The ideal gas laws show the **correlation of the temperature, pressure, volume, and the amount of a gas.** Although, this is not how the laws were determined, I found my students grasping the concepts a lot easier using the following model.

We are going to take a pump filled with some gas and a freely moving plunger and by changing the gas parameters determine their correlation.

**Boyle’s Law**

Boyle’s Law shows the correlation of the pressure and the volume of a gas. To illustrate it, we change the volume of the gas by pushing down the plunger. This decreases the volume, and because the gas molecules have less space, the pressure is increasing:

The observation is that the volume of a *fixed quantity* of gas at *constant temperature* is inversely proportional to its pressure.

This relationship can be written as:

\[{\rm{V}} \sim \,\frac{{\rm{1}}}{{\rm{P}}}\]

To bring in the equal sign, we introduce a constant:

PV = constant

This can be explained using the example of a car dealership income. The income depends on the number of sales which we can represent as:

Income **∼** number of cars

However, we cannot say income = number of cars sold, so to switch an equal sign, we need to introduce a constant. This can be the price of the car transforming the equation to:

Income **=** price x number of cars

So, for the gas pressure and volume, we are not interested too much in the constant, but rather in its linkage of pressure and volume at positions 1 and 2. Because the P x V product is constant, we can write that:

P_{1}V_{1} = constant = P_{2}V_{2}

or

This is the practical implication of the Boyle’s law that is used for solving gas problems.

**For example**,

The pressure of a gas is 2.30 atm in a 1.80 L container. Calculate the final pressure of the gas if the volume is decreased to 1.20 liters.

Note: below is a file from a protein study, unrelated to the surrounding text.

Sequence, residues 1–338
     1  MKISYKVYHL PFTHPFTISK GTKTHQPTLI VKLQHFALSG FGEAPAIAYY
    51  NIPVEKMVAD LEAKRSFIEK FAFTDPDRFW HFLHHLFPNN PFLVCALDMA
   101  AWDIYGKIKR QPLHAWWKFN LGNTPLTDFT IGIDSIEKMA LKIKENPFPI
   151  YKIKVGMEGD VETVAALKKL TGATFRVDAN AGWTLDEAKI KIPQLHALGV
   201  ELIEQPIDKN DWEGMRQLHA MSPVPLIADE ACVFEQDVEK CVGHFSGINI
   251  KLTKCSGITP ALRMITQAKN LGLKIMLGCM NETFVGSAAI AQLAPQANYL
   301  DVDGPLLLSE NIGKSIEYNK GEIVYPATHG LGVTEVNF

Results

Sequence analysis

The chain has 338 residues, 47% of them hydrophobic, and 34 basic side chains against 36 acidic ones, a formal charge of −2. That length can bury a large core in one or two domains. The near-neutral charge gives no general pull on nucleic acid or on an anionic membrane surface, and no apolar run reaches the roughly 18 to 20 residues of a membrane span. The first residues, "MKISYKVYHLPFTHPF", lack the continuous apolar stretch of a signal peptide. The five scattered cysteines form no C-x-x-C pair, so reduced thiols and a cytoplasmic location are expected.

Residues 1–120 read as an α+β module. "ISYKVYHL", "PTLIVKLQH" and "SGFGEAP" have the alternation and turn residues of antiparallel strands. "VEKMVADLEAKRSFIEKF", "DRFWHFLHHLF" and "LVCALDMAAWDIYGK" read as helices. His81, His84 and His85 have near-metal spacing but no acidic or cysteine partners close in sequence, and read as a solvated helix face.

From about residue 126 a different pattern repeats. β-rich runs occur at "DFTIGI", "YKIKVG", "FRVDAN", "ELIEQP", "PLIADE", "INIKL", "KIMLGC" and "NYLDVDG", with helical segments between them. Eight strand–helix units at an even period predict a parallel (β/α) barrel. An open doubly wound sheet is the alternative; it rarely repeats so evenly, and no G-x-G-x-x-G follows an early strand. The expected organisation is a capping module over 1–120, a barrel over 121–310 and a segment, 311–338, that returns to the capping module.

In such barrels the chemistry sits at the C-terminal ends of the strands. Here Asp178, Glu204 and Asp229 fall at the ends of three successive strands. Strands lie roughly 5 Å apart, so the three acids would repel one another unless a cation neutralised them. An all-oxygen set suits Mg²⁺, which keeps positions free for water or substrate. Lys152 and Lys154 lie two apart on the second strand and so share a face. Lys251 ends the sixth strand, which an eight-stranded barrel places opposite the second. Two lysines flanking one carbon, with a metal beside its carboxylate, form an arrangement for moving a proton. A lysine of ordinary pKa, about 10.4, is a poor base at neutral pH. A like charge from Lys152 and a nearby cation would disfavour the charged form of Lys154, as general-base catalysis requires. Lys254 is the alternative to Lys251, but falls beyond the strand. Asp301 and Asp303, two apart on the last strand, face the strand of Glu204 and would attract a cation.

First, write down what you gave and what needs to be determined. If nothing is mentioned about any parameter, for example, the moles and the temperature in this case, it is assumed that they are constant, so you don’t need to worry about them.

P_{1} = 2.30 atm

V_{1} = 1.80 L

V_{2} = 1.20 L**P _{2} = ?**

\[{{\rm{P}}_{\rm{1}}}{{\rm{V}}_{\rm{1}}}\; = \;{{\rm{P}}_{\rm{2}}}{{\rm{V}}_{\rm{2}}}\]

Now, rearrange to calculate P_{2}:

\[{{\rm{P}}_{\rm{2}}}\; = \;\frac{{{{\rm{P}}_{\rm{1}}}{{\rm{V}}_{\rm{1}}}}}{{{{\rm{V}}_{\rm{2}}}}}\]

\[{{\rm{P}}_{\rm{2}}}\; = \;\frac{{{\rm{2}}{\rm{.30}}\;{\rm{atm}}\;{\rm{ \times 1}}{\rm{.80}}\;\cancel{{\rm{L}}}}}{{{\rm{1}}{\rm{.20}}\;\cancel{{\rm{L}}}}}\;{\rm{ = }}\;{\rm{3}}{\rm{.45}}\;{\rm{atm}}\]

**Charle’s Law**

Let’s now consider what happens if we heat up the gas leaving the plunger to move freely. The gas is going to expand, and the correlation is that the volume of a gas increases with temperature:

The volume is directly proportional to the temperature of the gas:

Therefore, for different states of gas, we can write the Charle’s law as:

**For example,**

What will be the final volume of a 3.50 L sample of nitrogen at 20 °C if it is heated to 200. °C?

Write down what is given and what needs to be determined first:

V_{1} = 3.50 L

T_{1} = 20 ^{o}C

T_{2} = 200. ^{o}C**V _{2} = ?**

Now, **before doing anything else,** remember to always convert the temperature to Kelvin when solving a gas problem:

So, T_{1} = 20 + 273 = 293 *K*, T_{2} = 200 + 273 = 473 *K*

The question studies the correlation between the volume and the temperature of a gas, so we need to use the Charle’s law.

Write it down and rearrange it to get an expression of V_{2}.

\[\frac{{{{\rm{V}}_{\rm{1}}}}}{{{{\rm{T}}_{\rm{1}}}}}\; = \;\frac{{{{\rm{V}}_{\rm{2}}}}}{{{{\rm{T}}_{\rm{2}}}}}\]

\[{{\rm{V}}_{\rm{2}}}\; = \;\frac{{{\rm{473}}\;\cancel{{\rm{K}}}\;{\rm{ \times }}\;{\rm{3}}{\rm{.50}}\;{\rm{L}}}}{{{\rm{293}}\;\cancel{{\rm{K}}}}}\;{\rm{ = }}\;{\rm{5}}{\rm{.65}}\;{\rm{L}}\]

**Gay-Lussac’s law**

To study the relationship between the pressure and the temperature of a gas, the barrel is held at a fixed position to prevent changing the volume, and the sample is heated up:

In this case, the pressure increases with the temperature and for different states of the gas, the Gay-Lussac’s law is written as:

**For example**,

A sample of helium gas at 1.40 atm is heated from 23.0 °C to 400.0 K. How many atmospheres is the final pressure of the helium gas?

P_{1} = 1.40 atm

T_{1} = 23.0 °C

P_{2} = 400.0 *K*T

_{2}= ?

**Convert the temperature to Kelvin right away!**

T_{1} = 23.0 + 273 = 296 *K*

Write down the gas law and rearrange it to get an expression of P_{2}.